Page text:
1. Donald Trump thanks Hurricane Harvey volunteers

Donald Trump thanks Hurricane Harvey volunteers

President Donald Trump on Saturday thanked "all of the volunteers helping with Hurricane Harvey," which has claimed one life and has so far dumped as much as 14 inches of rain on Texas since making landfall late Friday.

By: | Washington | Published: August 27, 2017 7:15 AM
hurricane Harvey, Donald Trump, Harvey volunteers, Texas,  Trump took to Twitter and wrote: “THANK YOU to all of the great volunteers helping out with #HurricaneHarvey relief in Texas!”. (AP)

President Donald Trump on Saturday thanked “all of the volunteers helping with Hurricane Harvey,” which has claimed one life and has so far dumped as much as 14 inches of rain on Texas since making landfall late Friday. Trump took to Twitter and wrote: “THANK YOU to all of the great volunteers helping out with #HurricaneHarvey relief in Texas!”.

THANK YOU to all of the great volunteers helping out with #HurricaneHarvey relief in Texas! http://t.co/Ds95oSgo8f

He also tweeted earlier: “Closely monitoring #HurricaneHarvey from Camp David. We are leaving nothing to chance. City, State and Federal Govs. working great together!”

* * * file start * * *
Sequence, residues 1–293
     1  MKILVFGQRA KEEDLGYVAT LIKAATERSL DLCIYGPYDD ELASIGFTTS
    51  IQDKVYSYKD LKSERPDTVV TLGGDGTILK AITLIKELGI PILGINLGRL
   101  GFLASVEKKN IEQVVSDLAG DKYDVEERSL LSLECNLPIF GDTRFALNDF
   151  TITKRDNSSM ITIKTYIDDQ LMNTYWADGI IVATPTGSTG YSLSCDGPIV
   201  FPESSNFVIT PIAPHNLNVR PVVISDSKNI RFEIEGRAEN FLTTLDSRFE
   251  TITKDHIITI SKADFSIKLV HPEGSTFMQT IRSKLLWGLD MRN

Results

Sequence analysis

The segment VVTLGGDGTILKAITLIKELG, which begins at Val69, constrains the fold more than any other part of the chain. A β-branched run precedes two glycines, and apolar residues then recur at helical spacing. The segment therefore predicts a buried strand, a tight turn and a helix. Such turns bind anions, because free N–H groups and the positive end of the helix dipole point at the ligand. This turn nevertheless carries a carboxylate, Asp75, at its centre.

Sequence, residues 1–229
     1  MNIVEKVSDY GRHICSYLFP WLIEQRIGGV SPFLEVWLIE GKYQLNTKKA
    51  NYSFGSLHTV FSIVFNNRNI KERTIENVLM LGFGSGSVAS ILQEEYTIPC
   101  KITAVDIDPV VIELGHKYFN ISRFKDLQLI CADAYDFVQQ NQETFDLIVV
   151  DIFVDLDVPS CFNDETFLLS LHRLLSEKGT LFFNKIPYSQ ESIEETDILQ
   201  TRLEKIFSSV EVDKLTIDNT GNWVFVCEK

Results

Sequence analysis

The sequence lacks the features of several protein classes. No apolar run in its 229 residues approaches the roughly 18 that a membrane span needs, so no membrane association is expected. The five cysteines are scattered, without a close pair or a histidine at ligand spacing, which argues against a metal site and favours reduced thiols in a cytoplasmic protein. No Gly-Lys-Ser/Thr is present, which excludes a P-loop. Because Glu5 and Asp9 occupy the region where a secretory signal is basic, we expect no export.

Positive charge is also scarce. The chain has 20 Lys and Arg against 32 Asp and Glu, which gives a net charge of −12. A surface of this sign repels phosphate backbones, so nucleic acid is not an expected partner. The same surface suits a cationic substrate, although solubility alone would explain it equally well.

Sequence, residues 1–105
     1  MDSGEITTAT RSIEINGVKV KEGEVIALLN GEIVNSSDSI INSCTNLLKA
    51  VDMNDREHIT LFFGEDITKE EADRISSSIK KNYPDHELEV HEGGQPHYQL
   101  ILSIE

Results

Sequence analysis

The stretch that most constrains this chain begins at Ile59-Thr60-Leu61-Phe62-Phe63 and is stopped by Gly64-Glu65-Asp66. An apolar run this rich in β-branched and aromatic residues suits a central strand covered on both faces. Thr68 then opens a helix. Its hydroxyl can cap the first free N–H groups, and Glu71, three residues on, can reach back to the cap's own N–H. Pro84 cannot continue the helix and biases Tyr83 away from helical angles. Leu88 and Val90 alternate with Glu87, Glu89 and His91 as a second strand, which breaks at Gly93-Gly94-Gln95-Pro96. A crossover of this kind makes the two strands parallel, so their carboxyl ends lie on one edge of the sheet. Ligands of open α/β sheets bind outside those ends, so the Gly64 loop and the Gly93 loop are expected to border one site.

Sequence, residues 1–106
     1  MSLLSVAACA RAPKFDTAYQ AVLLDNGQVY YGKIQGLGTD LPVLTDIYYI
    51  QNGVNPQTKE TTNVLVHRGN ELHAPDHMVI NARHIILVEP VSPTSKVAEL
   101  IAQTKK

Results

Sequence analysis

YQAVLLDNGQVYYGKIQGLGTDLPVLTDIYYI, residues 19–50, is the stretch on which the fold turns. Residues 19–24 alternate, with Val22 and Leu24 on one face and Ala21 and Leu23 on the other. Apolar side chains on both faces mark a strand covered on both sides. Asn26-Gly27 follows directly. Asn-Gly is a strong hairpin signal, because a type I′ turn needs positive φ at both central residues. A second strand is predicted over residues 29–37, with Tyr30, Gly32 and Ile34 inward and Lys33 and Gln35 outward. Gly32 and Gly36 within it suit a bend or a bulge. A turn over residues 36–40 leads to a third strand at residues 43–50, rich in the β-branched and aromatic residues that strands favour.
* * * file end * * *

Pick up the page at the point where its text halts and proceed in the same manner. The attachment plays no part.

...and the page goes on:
The Hurricane Harvey has been downgraded to a tropical storm (a Category 2 storm), with sustained winds of 70 mph and one person has reportedly been died. Rainfall will be heavy, with an estimated 15 to 30 inches of rain falling in many areas and as high as 40 inches in some from today through Wednesday, the National Weather Service added. The Hurricane Harvey-Category 4 storm struck South Texas late on Friday (local time), knocking down trees, power poles and signs, but forecasters predicted that water levels will still rise as torrential rain and blasting winds would continue over the next few days. The storm is Trump’s first major natural disaster in office and will be the first major hurricane to hit the U.S. since 2005. Harvey has the “highest potential to kill the most amount of people and cause the most amount of damage,” said Brock Long, director of the Federal Emergency Management Agency.

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